Understanding Tribal Politics in Europe

Instead of a “Populist Zeitgeist” in the West we often talk about, we should better talk about a “Tribalist Zeitgeist”. “Populism” is a weak term for many reasons. Voters of populist parties (especially if their parties are on power) often do not show the typical attributes of populism. They are neither people-centric, nor anti-elitist. They show authoritarian tendencies instead – combined with a Manichean worldview and a strong anti-pluralism.

We can observe the emergence of a more ancient, more crude form of politics, in which tribal identities triumph over democratic norms. Tribalism is beyond populism: while the term “populism” requires some democratic minimum, tribalism is essentially anti-democratic. Political tribalism is a mentality which can be characterized by three features: rallying around the leader of the tribe, suppressing any dissent in own tribe and defeating the other tribe with every tool possible. Tribalism has a deep impact. For example, it can lead to double standards on corruption: voters of tribalist parties do not care how corrupt are their beloved politicians because they think this is collecting resources for a tribal war. Also, tribal mindset leads to support to transgression of democratic norms to winning tribal political wars – as we can observe in Poland and Hungary - but to a smaller extent in Austria, Italy and the US and UK as well. And last but not least: tribalism increases receptivity to fake news and conspiracy theories, as these tribal myths can help defeat the other tribe.

During my Europe’s Futures fellowship with the Institute for Human Sciences and ERSTE Foundation, I would like to elaborate my thoughts on the causes and cures of tribalism in a book, using an interdisciplinary framework combining political science, evolutionary psychology, and intergroup relations, using case studies from both in Eastern and Western Europe.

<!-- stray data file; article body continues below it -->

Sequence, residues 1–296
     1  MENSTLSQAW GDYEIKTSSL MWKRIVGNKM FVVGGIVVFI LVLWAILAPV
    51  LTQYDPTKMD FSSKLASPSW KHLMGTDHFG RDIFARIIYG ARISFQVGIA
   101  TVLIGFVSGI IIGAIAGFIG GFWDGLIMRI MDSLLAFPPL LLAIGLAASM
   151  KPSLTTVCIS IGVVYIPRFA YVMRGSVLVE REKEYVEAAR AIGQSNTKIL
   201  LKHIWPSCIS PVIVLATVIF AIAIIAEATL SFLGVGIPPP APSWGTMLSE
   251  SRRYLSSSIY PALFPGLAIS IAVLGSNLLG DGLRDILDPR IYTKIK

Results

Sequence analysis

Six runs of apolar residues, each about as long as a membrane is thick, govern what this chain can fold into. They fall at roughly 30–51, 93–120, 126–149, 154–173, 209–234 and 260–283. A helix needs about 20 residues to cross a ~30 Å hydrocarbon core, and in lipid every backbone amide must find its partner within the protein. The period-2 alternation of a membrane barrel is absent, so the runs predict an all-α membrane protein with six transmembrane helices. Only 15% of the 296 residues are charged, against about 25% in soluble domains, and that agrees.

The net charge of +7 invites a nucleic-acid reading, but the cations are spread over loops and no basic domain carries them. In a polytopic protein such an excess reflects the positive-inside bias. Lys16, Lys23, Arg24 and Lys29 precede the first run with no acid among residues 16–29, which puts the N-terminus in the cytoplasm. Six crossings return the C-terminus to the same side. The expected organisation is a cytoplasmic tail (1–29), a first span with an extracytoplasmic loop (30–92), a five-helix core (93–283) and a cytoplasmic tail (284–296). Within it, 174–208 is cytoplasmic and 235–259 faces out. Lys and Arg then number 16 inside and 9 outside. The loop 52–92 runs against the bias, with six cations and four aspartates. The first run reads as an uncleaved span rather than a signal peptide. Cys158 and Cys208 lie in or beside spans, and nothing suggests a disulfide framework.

Peter Kreko

Peter Kreko, PhD. is a social psychologist and political scientist. He is a think-tanker and an academic. He serves as the director of Political Capital Institute in Budapest, a non-resident fellow at JHU SAIS Bologna Institute for Policy Research, and senior lecturer at the Social Psychology Department of the Eotvos Lorand University of Sciences in Budapest. He was a Fulbright Visiting Professor at Indiana University in Bloomington in 2016-2017. His interests include conspiracy theories and fake news, the institutional influence of the Kremlin in Europe, and political populism and tribalism in Europe. He is author of two books. The Hungarian Far Right was published at Ibidem Verlag at 2017 and distributed by Columbia University Press. His other book on fake news and conspiracy theories was published in Hungarian in 2018 and became a social science best-seller. He is a team member of the project Closing space in Civil society, ran by the Washington-based think-tank Center for Strategic and International Studies (CSIS).